• 18 months ago
  • 2 points

How loud is this build with the haf? I see that you have a mini data center over there so noise must not be a concern for you . :)

  • 18 months ago
  • 1 point

All of the Noctua system fans are nearly silent under all loads, because I keep them on a relatively flat, low RPM curve. At normal loads, the CPU Noctua PWM fans are slightly noticeable in an otherwise quiet room, growing louder as peak loads are met. If there's other sound (TV, gaming, stereo) in the room you don't hear the Noctua PWM fans.

Note that noise levels in my system are primarily a function of room temperature. My office is kept at 21C. I suspect the noise levels would go up if the room was 25C.

However, the GPU fans do get loud under heavy load, and they represent the primary noise source in the system. Under normal use the GPU fans don't even spin or they occasionally spin at low RPMs, so the system is pretty much silent until heavier GPU load is met.

If I were to ever water cool anything, it would be the GPUs. EVGA's air heatsink is really good, but its fans become increasingly noticeable above 62C.

  • 15 months ago
  • 1 point

Hello SonicAgamemnon,

I realize that this post is fairly old, but here goes! Great rig you've got there, very nice and it matches up with what I am planning on doing(At least for the cooling so far). As you touched on in another comment, the 180mm clearance from the board to the top of the case is pretty limiting. Would you mind telling me how you went about mounting the fan on the outside and powered it? I have a few ideas on the table and im wondering what your approach was. Hope the system is still rocking on and dong better than you hoped!

Regards, RRFluffy

  • 15 months ago
  • 1 point

The exhaust on top is a 200mm Noctua fan. The fan itself is not attached to the case; it simply rests on top. A 3-pin extension cable provided by Noctua brings power to the fan directly from a header on the motherboard, routed through an empty slot in the back of the case. I used this grill to protect the fan blades:

https://www.amazon.com/gp/product/B004CLFJ2M

Using a large top fan does a good job removing hot air quickly and silently from the case, upgrading the CoolerMaster HAF to an Ultra HAF!

Good luck with your build.

  • 15 months ago
  • 1 point

Ahahahaha! I was thinking about either using the 5v Noctua series w/ a USB adapter or splicing a cable to fit through the extra screw holes on top along with an extension(Bit cleaner). At no point did I think to just shove the cables through an opening in the back.... Thank you very much! That was my one issue with the chassis(Seeing that I have a Hyper212 Evo) and I really did not want to buy a specific use 5v. And thank you for mentioning the grill, id probably break the fan within a week without one. Getting any CM HAF case to Ultra HAF is definitely the main goal, and doing it with a full fan setup is just oh so nice!

You have a great rest of your weekend, and again, thanks!

Regards, RRFluffy

  • 15 months ago
  • 1 point

The grill has already saved my fingers-- and the fan itself whenever I occasionally/temporarily set something on top of it.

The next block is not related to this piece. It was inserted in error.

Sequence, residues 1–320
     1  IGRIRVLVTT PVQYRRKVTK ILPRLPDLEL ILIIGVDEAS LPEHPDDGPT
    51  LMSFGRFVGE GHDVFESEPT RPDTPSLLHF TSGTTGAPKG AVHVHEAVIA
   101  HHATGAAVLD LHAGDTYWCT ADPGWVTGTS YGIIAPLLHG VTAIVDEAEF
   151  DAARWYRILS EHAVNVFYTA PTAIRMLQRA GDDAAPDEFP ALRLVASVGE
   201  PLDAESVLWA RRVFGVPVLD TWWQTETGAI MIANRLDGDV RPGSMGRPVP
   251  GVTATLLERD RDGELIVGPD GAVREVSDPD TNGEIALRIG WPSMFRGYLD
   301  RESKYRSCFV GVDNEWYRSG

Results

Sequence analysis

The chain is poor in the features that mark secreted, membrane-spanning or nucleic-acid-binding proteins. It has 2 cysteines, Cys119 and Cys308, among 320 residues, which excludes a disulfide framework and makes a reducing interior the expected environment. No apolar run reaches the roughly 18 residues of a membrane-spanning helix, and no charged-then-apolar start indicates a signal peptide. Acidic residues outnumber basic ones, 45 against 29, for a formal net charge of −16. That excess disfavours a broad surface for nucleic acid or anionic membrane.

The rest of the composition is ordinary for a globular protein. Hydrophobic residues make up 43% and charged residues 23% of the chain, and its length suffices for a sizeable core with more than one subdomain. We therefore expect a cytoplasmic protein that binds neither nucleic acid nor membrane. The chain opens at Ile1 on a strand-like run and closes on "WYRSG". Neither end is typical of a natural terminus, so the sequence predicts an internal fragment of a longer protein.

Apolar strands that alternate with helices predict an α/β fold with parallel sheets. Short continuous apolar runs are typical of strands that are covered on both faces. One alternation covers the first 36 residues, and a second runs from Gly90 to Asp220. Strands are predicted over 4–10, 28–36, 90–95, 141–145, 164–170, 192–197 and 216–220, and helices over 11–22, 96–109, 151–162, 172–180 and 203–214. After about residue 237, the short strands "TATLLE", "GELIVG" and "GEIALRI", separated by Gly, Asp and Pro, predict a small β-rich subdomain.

Mounting an external fan, especially on top, presents this challenge, something you may not consider up front, but will encounter soon afterwards: How do you EASILY disconnect the fan so you can fully remove the top? By routing a 3-pin extension cable that's connected to an internal power source behind/outside the case, then connecting the fan's power cable outside to the externally-routed extension cable, you can easily disconnect the fan outside and cleanly remove the top.

  • 11 months ago
  • 1 point

Beautiful build. Question - Are the 5.25 and 3.25 bays removable?

  • 11 months ago
  • 2 points

Thanks for your inquiry. Yes, there are three cages, two in the front and one in the back. They can all be removed; many do that to fit water parts/reservoirs, etc.

  • 10 months ago
  • 1 point

Thank you for the reply! I can't wait to get this case!

  • 18 days ago
  • 1 point

Thanks so much for this. Just a few questions.... 1. I don't see a list of all the Noctua Fans. Do you have a list of all the extra Noctua fans you used with the sizes? 2. Do you have any tips for cable management? I am using your amazing photos as a guide but any tips would be appreciated. 3. You are successfully using the Noctua NH-U125. Is the Noctua NH-D15 overkill?

  • 18 days ago
  • 1 point

Thanks for your feedback. I updated the description with the exact fans used for this build from Noctua. Regarding cabling, since space it tight I would suggest tying down the GPU power cables first. I would remove the bottom drive cage in the back if you don't need it, since that opens up more space and improves airflow. The NH-U125 works just fine keeping temps well below critical even at peak load, just as long as your room temperature isn't really hot to begin with. Although the NH-D15 fits in the HAF XB case without issue, having used that cooler in a few earlier builds with this case, it does not support Threadripper CPUs.

  • 17 days ago
  • 1 point

Awesome. Thanks!

  • 26 months ago
  • 0 points

Talk about fan sizes... lol

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  • 26 months ago
  • 3 points

Ya really, who puts a build up that's not... Well BUILT... Haha

  • 26 months ago
  • 1 point

Thanks for your reply. The build is happening this weekend. More images are forthcoming.